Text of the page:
Why We're Fascinated by the Blue-Black, White-Gold Dress

The snobbery wars have erupted over photos of a sometimes blue-black, sometimes white-gold dress.

The snobbery wars have erupted over photos of a sometimes blue-black, sometimes white-gold dress. On one side sits an innocently fun picture that unexpectedly consumed pop culture's attention, drawing celebrities like Taylor Swift to its mysterious aura.


On the other side, vanguards of culture mock our fascination, which will admittedly prove as brief as it is intense. American monologist Mike Daisey, creator of the much discussed "The Agony and the Ecstasy of Steve Jobs," said of the culture's dress fascination: "Our grandfathers died at Normandy for f**king this."

At Wired, Adam Rogers breaks down the physical science of why some people see the dress as white-gold while others see blue-black. It has to do with which source of light your eye wants to subtract from the image — a common and necessary event that allows us to see one individual color from the full spectrum contained in a beam of light.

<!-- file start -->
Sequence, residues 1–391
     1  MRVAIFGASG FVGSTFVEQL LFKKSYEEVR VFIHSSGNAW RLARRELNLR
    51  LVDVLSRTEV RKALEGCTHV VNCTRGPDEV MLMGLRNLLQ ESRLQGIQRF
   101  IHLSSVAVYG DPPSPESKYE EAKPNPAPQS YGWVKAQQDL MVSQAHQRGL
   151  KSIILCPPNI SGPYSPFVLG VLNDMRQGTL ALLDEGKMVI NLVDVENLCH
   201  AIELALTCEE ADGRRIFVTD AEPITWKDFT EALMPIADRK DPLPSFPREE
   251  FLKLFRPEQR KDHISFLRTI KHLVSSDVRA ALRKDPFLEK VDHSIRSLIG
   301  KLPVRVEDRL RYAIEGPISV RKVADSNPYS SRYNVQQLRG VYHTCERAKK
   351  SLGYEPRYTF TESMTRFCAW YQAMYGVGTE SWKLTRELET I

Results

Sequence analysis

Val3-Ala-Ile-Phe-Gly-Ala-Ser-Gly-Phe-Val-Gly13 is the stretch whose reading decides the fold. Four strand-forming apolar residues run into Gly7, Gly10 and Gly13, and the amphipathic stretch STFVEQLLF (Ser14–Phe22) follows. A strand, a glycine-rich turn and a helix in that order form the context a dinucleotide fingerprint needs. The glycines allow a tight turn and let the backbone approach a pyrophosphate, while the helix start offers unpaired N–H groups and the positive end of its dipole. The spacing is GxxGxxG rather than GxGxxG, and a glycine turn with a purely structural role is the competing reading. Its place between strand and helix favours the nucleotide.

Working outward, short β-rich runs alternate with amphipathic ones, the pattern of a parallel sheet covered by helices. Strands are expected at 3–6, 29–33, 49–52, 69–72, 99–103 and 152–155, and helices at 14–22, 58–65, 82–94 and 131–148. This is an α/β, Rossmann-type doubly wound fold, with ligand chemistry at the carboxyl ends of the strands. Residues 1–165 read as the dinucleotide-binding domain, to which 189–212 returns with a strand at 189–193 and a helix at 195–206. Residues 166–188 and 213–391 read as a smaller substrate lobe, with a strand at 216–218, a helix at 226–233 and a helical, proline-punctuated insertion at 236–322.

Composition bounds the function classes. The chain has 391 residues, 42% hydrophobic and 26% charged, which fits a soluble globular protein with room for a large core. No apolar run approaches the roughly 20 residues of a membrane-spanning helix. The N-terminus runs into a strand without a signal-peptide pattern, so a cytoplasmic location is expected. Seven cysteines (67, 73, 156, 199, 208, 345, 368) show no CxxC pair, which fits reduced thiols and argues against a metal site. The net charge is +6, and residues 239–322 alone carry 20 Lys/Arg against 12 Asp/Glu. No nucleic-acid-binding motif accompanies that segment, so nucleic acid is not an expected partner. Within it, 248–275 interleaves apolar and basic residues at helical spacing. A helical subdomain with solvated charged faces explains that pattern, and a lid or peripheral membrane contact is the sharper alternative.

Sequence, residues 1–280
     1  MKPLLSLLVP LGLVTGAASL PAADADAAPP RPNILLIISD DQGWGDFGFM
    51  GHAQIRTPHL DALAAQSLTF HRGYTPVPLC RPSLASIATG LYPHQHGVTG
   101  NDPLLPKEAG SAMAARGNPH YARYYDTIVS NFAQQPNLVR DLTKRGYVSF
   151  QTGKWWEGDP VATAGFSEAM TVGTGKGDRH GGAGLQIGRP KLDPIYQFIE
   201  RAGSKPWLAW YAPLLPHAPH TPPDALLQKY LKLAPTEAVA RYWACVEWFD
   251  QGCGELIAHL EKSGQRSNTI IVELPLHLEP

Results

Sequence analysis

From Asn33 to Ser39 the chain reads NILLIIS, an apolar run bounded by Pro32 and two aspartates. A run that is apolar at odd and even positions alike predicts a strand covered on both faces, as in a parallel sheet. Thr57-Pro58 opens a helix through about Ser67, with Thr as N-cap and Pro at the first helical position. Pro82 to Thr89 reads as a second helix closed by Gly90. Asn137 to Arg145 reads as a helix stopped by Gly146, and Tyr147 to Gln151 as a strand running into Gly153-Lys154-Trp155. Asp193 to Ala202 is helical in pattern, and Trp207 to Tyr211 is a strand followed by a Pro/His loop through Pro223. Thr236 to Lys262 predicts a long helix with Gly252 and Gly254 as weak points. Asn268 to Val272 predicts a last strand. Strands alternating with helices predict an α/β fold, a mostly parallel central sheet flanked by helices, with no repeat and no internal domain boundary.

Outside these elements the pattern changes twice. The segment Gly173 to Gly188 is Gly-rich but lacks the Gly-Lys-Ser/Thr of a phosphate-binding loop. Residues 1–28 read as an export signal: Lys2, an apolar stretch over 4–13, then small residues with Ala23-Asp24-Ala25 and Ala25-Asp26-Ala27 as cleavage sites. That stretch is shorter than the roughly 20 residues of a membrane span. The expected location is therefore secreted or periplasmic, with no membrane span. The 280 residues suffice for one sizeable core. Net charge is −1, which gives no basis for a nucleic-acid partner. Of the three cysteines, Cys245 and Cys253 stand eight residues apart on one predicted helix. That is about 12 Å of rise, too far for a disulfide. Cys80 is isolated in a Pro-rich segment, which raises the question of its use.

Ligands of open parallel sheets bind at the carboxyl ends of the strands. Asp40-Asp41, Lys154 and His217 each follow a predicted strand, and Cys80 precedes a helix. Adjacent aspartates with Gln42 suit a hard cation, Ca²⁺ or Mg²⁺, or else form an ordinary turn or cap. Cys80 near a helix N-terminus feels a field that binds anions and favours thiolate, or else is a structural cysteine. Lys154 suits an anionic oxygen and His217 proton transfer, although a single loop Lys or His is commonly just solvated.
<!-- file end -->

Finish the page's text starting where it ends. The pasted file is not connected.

"What’s happening here is your visual system is looking at this thing, and you’re trying to discount the chromatic bias of the daylight axis,” says Bevil Conway, a neuroscientist who studies color and vision at Wellesley College. “So people either discount the blue side, in which case they end up seeing white and gold, or discount the gold side, in which case they end up with blue and black.”

When Wired put the dress under the microscope — well, Photoshop — the actual color content of the dress was much closer to blue and black than white and gold, but this doesn't explain our fascination with the disagreement (unless, rather pessimistically, you think we're all hopelessly distracted idiots).

As Rutgers University philosophy professor Tim Maudlin explains, there are real questions about how accurately the physical sciences represent the reality beyond our perceptions. To be sure, they are philosophical questions, but they help illuminate the nature of perspective, why we are fascinated by simple disagreements, and how recognizing what lies behind our disagreement can result in more fruitful discussions:

"Physics provides you with a mathematical formalism that has been tested in various ways and seems to be extremely powerful at allowing you to make certain kinds of predictions. But the mathematical formalism is not self-interpreting. You can study the mathematics as mathematics in great detail and still not be at all sure what in the physical world is represented by this mathematics..."

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